Sunday 5th June, 2pm. Marje Smith, a member of our group, will conduct a guided walk starting in the orchard. We’ve been delighted by the success of a booklet for children, called Bogtastic, which introduces them to the Moss by taking them on an adventure with Captain Carbon. Now we’re ready to launch a new, companion booklet, this time for Kilmagad Wood, called Treetastic, which is equally full of puzzles and fun activities.
Sunday 12th June, from 3pm-5pm. Jazz on a Summer Afternoon. Dave Batchelor, trombonist and another member of Portmoak Community Woodland Group, will be there with his band. Dave’s jazz gigs have always been a popular part of the festival, with a great atmosphere and lots of toe-tapping music.
Community Orchard, opposite Portmoak Kirk
There’s a new and powerful incentive for climbing the hill above Kilmagad Wood - namely a lovely bench to sit on, installed by the Woodland Trust Scotland. Simply take the main path up towards the Bishop, from either of the entrances near Portmoak kirk car park, turning up the hill to the east before heading west to where the viewpoint indicator was installed some years ago by Portmoak Community Woodland Group. It's taking a brief leave of absence, as it's being restored.
The new bench gives you the panoramic view captured by the viewpoint board, which on a clear day shows you the Bass Rock in one direction and the Wallace Monument in the other. You’ll probably have to stand up to see it but, comfortable as the new bench is, you can’t sit there all day!
After taking in the view you can retrace your steps or carry on westwards, until a gully path returns you to the Michael Bruce Way and Kinnesswood or climb to the top of the hills.
If you look carefully at the viewpoint board itself you’ll notice the it needs another refurbishment. Don’t worry, PCWG are on the case and waiting for some settled weather before carrying out the necessary repairs.
From the new bench you can see Portmoak Moss and get a good idea of how much birch clearing has been going on in the middle of the bog. That’s been down to members of the group and visiting squads of other volunteers. We’re very pleased that Lothians Conservation Volunteers and a specialist team, the Bog Squad, will be joining us in early April to have another go at removing the birch saplings. The more we get rid of, the better the chances of a successful bog restoration, as we need to stop trees from growing on the peat and drying it out.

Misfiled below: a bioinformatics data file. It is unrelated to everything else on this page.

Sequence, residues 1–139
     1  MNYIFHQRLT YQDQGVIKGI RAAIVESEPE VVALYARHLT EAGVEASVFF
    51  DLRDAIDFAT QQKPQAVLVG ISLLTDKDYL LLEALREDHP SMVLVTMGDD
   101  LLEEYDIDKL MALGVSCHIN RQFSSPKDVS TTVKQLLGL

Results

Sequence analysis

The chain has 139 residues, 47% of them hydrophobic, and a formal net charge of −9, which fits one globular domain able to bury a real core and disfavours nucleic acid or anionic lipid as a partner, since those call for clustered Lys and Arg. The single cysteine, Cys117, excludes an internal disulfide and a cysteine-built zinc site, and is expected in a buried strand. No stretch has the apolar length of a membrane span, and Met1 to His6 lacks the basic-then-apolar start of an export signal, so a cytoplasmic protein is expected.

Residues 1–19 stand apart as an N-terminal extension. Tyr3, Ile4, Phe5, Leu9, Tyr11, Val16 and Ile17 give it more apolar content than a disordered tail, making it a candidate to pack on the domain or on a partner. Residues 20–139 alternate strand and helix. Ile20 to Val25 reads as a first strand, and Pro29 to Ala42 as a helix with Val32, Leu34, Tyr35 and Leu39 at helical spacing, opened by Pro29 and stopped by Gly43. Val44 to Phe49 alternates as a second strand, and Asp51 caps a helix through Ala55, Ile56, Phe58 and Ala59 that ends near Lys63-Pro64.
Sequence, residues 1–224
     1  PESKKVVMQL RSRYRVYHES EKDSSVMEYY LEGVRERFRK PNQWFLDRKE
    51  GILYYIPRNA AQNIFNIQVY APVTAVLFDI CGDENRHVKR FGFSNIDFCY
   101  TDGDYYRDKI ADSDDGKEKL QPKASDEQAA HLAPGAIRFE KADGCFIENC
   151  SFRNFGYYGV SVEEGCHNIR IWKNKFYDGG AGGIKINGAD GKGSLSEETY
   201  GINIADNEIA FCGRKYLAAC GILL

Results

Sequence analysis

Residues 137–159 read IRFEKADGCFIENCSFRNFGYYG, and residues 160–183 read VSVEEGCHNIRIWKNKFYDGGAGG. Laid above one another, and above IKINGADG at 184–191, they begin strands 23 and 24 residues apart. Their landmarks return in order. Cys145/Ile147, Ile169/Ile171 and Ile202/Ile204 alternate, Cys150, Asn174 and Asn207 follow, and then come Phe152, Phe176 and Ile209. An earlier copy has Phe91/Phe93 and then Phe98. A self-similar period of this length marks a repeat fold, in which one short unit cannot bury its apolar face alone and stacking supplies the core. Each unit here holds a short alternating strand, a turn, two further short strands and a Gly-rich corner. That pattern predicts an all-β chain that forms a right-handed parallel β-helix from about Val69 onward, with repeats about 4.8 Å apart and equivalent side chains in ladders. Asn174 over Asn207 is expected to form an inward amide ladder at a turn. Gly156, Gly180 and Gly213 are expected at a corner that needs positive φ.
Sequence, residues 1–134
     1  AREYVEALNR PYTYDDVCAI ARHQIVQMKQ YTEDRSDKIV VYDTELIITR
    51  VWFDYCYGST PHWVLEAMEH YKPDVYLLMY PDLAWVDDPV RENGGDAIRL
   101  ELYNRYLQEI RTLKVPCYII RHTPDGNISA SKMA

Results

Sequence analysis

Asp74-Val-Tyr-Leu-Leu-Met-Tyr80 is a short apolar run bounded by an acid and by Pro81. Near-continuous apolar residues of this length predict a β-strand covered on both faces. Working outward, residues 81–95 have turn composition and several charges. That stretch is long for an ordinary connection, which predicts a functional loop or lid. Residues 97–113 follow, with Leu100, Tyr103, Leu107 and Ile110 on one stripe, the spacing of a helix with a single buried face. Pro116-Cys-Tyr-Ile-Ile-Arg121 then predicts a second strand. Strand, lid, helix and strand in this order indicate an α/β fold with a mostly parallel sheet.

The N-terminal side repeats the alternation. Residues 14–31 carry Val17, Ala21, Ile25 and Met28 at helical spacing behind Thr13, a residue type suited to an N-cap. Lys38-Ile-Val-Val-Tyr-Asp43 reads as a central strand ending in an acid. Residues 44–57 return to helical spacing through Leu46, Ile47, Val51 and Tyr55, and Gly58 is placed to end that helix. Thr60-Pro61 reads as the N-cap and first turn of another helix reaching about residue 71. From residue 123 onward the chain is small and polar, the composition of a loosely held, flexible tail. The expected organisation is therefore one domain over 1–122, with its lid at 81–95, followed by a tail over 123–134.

If this sounds like too much work and not enough play, fear not; we are beginning to put together some fun events for the rest of the year, from a dawn chorus walk to a fungal foray. PCWG have never been accused of not knowing how to enjoy ourselves and we hope you’ll join us for our events as well as making the best possible use of our two community woodlands in the months ahead.
We’ve had a good start to 2022 with volunteers from government agency, NatureScot, putting in a brilliant day's work on Wednesday 19th January.
The squad, consisting of the regular 'Wednesday volunteer team' and three members of staff, pulled out birch saplings from Portmoak Moss, to help restore the peat bog.
The ‘Wednesday volunteers’ normally work in the Loch Leven National Nature Reserve, next door to us, carrying out jobs like path clearance and meadow management. They’re used to pulling out the highly invasive pink flower, Himalayan Balsam, but the tough roots of birch were a different matter.
It was tough work and sometimes involved sawing round the base of each tree to loosen the root ball before easing it out of the peat.
Neil Mitchell, Reserve Manager, said: "We don't normally get to work on a bog and it's nice to do something to help one of our neighbours.”
And us neighbours, the Portmoak Community Woodland Group, were truly grateful. Most days one or two of our members pulls out a dozen or so small trees - but it’s so encouraging to see how much can be achieved with a lot of folk.
Michael McGinnes, who organised the event, said that the NatureScot volunteers had covered over 90% of the area we were trying to clear, in the latest phase of the restoration work - that was nearly 3000 square metres of quite difficult terrain, with many larger birch trees. The area has since been completed by members of the Portmoak group.
Members of PCWG, including Stuart Garvie (pictured with Neil Mitchell) also helped out on the day.
Over the past 4 years, with ‘a little help from our friends’ about a quarter of the central peat dome has now been cleared, making it easier for plants like Sphagnum Moss to spread. Sphagnum Moss rots down to create peat, so that’s what we’re trying to achieve.